Washington People dread getting calls from bill collectors. And it’s not always because they can’t pay. It can be a degrading experience, especially with third-party collectors who are overly aggressive, even threatening.
A new report from the Government Accountability Office calls for major reform to the legislation that covers how companies collect old debt from consumers.
The reform can’t come soon enough. Debt defaults are at the highest rate in 18 years. About 6.6 percent of credit cardholders were 30 days or more past due in the first quarter of 2009. In 2008, credit issuers had more than $23 billion in unsecured debt that was from 30 to 180 days delinquent.
Many scrupulous debt collectors work with borrowers to get them to repay what they owe. But bottom-feeders in the industry will, by any means necessary, harass and intimidate consumers to pay up on accounts for which the collectors have paid pennies on the dollar.
It’s the dreadful players and their often illegal practices that was the subject of the GAO report on the effectiveness of the Fair Debt Collection Practices Act, or FDCPA, enacted in 1977.
The law dictates how third-party debt-collection companies can communicate with debtors. It prohibits the companies from using unfair, abusive or deceptive debt collection practices. The FDCPA does not apply to creditors collecting on their accounts.
The FTC reports it receives more complaints about debt collectors than it does from any other industry. Among the more common complaints are excessive telephone calls, collectors misrepresenting the amount or legal status of a debt, and the addition of unauthorized fees and interest to accounts.
People also complain that collectors try to get them to pay on debts that have been discharged in bankruptcy, which is against the law.
Last year the FTC said it won the largest civil penalty ever — $2.25 million — in a case in which a company physically threatened people and made unauthorized withdrawals from consumer bank accounts.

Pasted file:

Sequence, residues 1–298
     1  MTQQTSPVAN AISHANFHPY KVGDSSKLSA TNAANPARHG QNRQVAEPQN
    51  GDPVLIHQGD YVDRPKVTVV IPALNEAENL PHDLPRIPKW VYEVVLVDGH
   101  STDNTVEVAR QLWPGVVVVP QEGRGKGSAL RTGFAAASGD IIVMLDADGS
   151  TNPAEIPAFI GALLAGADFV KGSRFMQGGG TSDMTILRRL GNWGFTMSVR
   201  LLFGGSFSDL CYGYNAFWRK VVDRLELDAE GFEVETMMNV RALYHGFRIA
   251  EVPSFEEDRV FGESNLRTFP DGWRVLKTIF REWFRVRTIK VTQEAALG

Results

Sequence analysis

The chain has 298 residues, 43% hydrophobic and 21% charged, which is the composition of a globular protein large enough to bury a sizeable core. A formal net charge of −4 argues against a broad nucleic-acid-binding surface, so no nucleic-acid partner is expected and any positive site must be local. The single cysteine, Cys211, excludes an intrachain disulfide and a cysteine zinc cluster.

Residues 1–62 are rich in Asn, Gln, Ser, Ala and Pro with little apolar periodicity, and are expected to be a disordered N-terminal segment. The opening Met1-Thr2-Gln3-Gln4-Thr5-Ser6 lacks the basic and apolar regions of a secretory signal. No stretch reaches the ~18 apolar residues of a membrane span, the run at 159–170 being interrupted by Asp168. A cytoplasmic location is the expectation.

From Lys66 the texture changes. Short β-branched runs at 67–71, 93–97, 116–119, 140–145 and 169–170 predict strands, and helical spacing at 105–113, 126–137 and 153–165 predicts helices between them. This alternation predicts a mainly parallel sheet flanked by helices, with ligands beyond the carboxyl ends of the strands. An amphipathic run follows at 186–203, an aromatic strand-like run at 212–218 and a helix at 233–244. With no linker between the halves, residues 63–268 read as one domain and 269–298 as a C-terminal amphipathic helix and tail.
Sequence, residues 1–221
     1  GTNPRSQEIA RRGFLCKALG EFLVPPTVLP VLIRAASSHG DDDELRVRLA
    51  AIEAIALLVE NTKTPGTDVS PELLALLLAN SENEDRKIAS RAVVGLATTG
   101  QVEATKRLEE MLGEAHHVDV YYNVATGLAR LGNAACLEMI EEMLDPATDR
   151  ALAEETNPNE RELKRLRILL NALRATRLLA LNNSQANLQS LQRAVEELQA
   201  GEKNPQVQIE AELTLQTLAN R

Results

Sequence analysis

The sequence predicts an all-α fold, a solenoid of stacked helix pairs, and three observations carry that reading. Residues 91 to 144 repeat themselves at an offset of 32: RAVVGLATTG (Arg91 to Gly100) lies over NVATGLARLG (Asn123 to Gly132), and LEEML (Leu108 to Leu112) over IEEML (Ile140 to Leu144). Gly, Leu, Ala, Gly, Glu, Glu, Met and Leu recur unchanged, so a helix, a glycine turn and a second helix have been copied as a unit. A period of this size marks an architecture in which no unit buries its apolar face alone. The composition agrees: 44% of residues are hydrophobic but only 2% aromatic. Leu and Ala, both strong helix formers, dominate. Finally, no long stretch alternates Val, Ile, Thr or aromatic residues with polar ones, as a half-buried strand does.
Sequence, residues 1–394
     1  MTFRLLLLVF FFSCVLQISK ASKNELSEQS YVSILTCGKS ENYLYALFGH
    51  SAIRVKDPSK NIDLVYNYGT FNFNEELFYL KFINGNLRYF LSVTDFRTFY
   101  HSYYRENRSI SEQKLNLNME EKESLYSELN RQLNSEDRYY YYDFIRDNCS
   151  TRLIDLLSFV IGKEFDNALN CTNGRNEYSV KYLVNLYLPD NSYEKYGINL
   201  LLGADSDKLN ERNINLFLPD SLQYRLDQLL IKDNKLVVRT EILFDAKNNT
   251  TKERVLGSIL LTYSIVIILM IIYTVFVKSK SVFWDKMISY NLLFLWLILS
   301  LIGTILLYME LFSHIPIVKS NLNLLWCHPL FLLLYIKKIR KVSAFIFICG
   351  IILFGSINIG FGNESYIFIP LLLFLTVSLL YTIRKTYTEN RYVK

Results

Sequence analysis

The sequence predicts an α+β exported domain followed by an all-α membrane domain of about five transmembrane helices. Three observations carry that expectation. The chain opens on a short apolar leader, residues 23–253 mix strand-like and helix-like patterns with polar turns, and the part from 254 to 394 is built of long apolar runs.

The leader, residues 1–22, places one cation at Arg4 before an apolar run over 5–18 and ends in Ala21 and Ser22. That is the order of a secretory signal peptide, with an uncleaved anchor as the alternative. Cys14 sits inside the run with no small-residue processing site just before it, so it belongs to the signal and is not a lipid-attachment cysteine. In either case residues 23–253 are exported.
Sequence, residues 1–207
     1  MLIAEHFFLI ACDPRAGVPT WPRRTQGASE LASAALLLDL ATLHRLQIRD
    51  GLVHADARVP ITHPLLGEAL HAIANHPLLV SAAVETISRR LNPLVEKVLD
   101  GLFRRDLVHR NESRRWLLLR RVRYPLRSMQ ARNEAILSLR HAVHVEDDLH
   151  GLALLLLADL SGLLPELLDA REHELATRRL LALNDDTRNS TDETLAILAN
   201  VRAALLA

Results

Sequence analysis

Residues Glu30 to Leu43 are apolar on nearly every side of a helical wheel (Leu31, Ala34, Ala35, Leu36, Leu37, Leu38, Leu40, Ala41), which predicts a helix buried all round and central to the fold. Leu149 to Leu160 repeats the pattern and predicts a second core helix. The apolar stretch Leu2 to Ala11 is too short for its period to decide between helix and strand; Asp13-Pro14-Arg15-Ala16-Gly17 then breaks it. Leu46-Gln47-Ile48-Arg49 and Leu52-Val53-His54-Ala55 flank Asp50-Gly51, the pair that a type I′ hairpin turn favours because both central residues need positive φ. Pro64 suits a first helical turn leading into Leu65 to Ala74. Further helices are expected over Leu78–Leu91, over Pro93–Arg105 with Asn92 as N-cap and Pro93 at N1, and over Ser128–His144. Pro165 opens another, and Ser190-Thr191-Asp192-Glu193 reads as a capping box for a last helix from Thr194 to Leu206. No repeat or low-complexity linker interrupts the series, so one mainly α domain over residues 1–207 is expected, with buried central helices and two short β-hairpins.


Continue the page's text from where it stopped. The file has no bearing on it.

With a surge in companies trying to collect past-due debts, it’s vital that federal (and state) laws are adequate to protect borrowers from dishonest debt collectors.
The FTC has begun investigating what changes are needed. Although some sections of the FDCPA have been amended, it hasn’t been substantially revised since its enactment 32 years ago.
On Dec. 4 in Washington, the agency is scheduled to conduct the third in a series of roundtable discussions examining the treatment of consumers by debt collectors. The meeting is open to the public and can also be viewed live via a Web cast. For information about the roundtable, go to ftc.gov and search for “Debt Collection: Protecting Consumers.”
In February, the FTC issued its own report recommending that the regulations covering debt collection be improved. Chief among the concerns for the FTC and GAO is the way debts are verified as old accounts are passed around.
When consumers become seriously delinquent, their original creditors may give up trying to collect. The creditors may then sell the debt as a way to make something on the accounts.
The accounts can then be resold so many times that it becomes hard to verify that the debt actually belongs to the person the collectors say it does, or that it was discharged in a bankruptcy case.
It’s time to rectify this gaping loophole that should have been fixed long ago.